According to Wikipedia:
Misophonia, literally “hatred of sound”, is a form of decreased sound tolerance.
Immediately I was struck by the literal meaning of Misophonia. Hatred of sound? How could someone hate sound? I continued my research into the condition to better understand the condition.
According to Misophonia.info:
Misophonia sufferers typically have strong negative emotional reactions, ranging from annoyance to extreme rage, to a variety of sounds–frequently associated with mouth and nasal sounds such as chewing, slurping or breathing. However, reactions can be triggered by many different sounds such as sniffing, pens clicking, heel-tapping, typing, dogs barking and so on. For some, simply the sight of one of these behaviors can trigger an intense reaction. Some Misophonia sufferers also have purely visual triggers such as jiggling legs or other repetitive movement which can set off a reaction. Each individual has different triggers and also has different emotional reactions. While mild sufferers of Misophonia may feel tense or irritated, more severe cases involve uncontrollable outbursts of anger and even the visualisation of violent encounters.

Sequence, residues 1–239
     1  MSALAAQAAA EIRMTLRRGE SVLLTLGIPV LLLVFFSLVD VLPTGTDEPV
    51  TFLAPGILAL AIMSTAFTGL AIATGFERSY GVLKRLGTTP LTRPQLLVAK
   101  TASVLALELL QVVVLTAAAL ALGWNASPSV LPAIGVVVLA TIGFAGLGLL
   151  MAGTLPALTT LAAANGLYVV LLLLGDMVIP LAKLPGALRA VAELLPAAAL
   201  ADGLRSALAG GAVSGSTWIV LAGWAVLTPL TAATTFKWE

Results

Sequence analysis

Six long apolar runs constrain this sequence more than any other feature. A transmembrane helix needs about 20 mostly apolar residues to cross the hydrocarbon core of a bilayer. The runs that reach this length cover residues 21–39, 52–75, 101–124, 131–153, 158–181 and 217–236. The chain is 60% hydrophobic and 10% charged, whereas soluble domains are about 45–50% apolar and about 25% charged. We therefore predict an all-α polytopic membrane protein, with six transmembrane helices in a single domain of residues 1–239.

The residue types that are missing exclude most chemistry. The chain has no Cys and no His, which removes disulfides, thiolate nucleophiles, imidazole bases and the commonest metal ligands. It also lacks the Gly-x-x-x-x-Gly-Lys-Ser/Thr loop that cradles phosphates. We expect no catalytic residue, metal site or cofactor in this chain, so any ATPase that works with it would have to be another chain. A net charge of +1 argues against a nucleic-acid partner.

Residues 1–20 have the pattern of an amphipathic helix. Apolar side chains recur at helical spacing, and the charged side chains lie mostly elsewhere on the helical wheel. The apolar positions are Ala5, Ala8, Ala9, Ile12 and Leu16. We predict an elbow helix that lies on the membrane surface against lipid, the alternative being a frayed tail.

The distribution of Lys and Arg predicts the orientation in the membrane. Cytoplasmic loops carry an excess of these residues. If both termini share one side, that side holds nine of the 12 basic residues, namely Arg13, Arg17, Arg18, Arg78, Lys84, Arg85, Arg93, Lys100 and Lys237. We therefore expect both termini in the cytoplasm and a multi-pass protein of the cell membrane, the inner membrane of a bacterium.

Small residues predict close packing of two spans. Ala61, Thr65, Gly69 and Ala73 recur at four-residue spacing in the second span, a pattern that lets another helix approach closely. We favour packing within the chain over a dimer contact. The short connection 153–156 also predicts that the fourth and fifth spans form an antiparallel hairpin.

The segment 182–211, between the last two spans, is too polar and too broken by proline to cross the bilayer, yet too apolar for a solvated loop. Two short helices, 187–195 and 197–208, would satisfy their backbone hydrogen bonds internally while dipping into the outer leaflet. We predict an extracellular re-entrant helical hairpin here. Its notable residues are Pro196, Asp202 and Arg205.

I also found this video from an ABC News program on Misophonia:
So I started to think about how I could recreate what someone one with Misophonia experiences. I thought of a room with a projection with random flashes of videos and sounds of common triggers (chewing, coughing, cracking knuckles, etc). Perhaps slowly fading to white-noise, bliss for Misophonia suffers. Maybe I could provide headphones with white noise to listen to or earplugs for viewers to escape the torture of the sounds.
Update: Interestingly, as I prepared to present this concept to my Electronic Arts class, I discovered that this was an updated version of the ABC News news special because the original contained sounds that would trigger reactions for Misophonia sufferers. This has led me to reconsider how my installation might affect those with Misophonia.